11 And it came to pass that he commanded that their little children should be brought.
12 So they brought their little children and set them down upon the ground round about him, and Jesus stood in the midst; and the multitude gave way till they had all been brought unto him.
13 And it came to pass that when they had all been brought, and Jesus stood in the midst, he commanded the multitude that they should kneel down upon the ground.
14 And it came to pass that when they had knelt upon the ground, Jesus groaned within himself, and said: Father, I am troubled because of the wickedness of the people of the house of Israel.
15 And when he had said these words, he himself also knelt upon the earth; and behold he prayed unto the Father, and the things which he prayed cannot be written, and the multitude did bear record who heard him.
16 And after this manner do they bear record: The eye hath never seen, neither hath the ear heard, before, so great and marvelous things as we saw and heard Jesus speak unto the Father;
17 And no tongue can speak, neither can there be written by any man, neither can the hearts of men conceive so great and marvelous things as we both saw and heard Jesus speak; and no one can conceive of the joy which filled our souls at the time we heard him pray for us unto the Father.
18 And it came to pass that when Jesus had made an end of praying unto the Father, he arose; but so great was the joy of the multitude that they were overcome.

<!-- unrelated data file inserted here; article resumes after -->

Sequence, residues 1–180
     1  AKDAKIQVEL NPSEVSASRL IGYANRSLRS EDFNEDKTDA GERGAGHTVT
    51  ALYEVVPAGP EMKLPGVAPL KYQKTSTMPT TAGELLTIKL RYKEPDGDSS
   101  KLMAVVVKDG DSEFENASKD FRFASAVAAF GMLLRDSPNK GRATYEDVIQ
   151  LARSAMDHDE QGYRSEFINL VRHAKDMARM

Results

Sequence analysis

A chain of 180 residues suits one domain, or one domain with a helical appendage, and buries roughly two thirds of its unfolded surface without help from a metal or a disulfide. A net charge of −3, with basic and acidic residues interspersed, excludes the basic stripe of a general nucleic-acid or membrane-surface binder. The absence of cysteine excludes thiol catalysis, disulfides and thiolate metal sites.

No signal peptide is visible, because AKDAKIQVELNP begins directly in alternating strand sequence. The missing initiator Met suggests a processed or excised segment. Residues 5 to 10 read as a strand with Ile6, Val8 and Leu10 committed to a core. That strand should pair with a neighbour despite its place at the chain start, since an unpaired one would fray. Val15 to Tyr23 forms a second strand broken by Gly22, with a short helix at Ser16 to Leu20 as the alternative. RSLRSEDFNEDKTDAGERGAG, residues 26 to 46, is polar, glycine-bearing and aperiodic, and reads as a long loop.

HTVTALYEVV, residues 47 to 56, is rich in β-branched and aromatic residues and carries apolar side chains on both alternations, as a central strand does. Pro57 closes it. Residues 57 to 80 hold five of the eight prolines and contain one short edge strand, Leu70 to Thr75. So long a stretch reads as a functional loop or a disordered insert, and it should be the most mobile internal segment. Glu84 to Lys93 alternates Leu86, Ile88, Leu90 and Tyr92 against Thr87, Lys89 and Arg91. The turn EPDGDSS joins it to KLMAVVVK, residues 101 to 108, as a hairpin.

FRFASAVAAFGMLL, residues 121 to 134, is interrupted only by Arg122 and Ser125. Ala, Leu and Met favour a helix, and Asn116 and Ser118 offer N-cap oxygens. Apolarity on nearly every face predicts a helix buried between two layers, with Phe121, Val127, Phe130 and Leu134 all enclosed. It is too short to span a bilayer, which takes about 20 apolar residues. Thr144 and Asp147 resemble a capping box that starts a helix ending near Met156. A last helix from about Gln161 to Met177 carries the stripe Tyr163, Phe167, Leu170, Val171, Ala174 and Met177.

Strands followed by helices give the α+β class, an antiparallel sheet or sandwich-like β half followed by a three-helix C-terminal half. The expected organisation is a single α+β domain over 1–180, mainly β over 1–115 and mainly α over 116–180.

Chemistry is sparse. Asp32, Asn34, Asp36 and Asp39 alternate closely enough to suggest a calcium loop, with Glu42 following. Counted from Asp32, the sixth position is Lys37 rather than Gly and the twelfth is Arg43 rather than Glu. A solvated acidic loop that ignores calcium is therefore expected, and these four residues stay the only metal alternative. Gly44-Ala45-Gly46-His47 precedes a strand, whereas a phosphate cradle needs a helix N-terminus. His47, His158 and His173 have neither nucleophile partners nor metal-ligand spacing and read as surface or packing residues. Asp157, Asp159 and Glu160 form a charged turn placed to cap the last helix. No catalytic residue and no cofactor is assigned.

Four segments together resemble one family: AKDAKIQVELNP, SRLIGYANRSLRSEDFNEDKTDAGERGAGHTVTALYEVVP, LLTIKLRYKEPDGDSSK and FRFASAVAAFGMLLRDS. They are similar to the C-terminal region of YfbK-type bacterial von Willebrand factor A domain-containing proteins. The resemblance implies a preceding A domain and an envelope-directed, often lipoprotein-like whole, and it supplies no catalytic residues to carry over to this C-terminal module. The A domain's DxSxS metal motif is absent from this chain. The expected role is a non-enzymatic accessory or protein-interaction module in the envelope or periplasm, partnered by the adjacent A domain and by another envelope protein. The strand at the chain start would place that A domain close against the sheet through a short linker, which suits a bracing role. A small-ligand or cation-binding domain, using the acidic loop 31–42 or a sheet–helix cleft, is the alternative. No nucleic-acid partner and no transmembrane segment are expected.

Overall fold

19 And it came to pass that Jesus spake unto them, and bade them arise.
20 And they arose from the earth, and he said unto them: Blessed are ye because of your faith. And now behold, my joy is full. (3 Nephi 17:11-20, emphasis added)
When Jesus says he is troubled, it is a little difficult to know what He was bothered by. For a long time I thought it was a generalized statement about being disturbed about the house of Israel.
But gradually I came to the conclusion that He must have been bothered about something specific He saw happening among the people in front of Him at that time as they brought their children forward.
I think we have this idealized vision of how it happened with people all moving quietly and reverently, with children acting perfectly, but it probably wasn’t like that at all. It may have been a mass of confusion, with pushing, and irritation, and children rollicking all over or freaking out over being separated from their parents and then being shushed fiercely and crying, with children bugging each other, and so on. It is even possible there was some verbal or physical abuse in the process of getting those children situated. This would certainly be disturbing to Jesus.
I notice though, that His response after noting their wickedness was to have everyone kneel down and to pray for them. And once that is accomplished, the tone and mood of the gathering has totally reversed because the multitude was overcome with joy, and Jesus said His joy was full.
I think what He did is a good pattern for us. If we are troubled by someone’s wickedness, we can pray for them too, and that can help us overcome feelings of sadness and grievance. It is a way we can use our agency on behalf of an offender.
How might the multitude have felt to know that Jesus considered their actions wicked? It would have been rather a shock. It would call for soul-searching. But then to hear Him pray for them really must have been heartening and encouraged them to repent. Then they would have been able to feel the same joy Jesus felt. Perhaps this is why Jesus told them afterward that they were blessed because of their faith. Rather than take offense to His assessment of their spiritual condition, they softened and repented.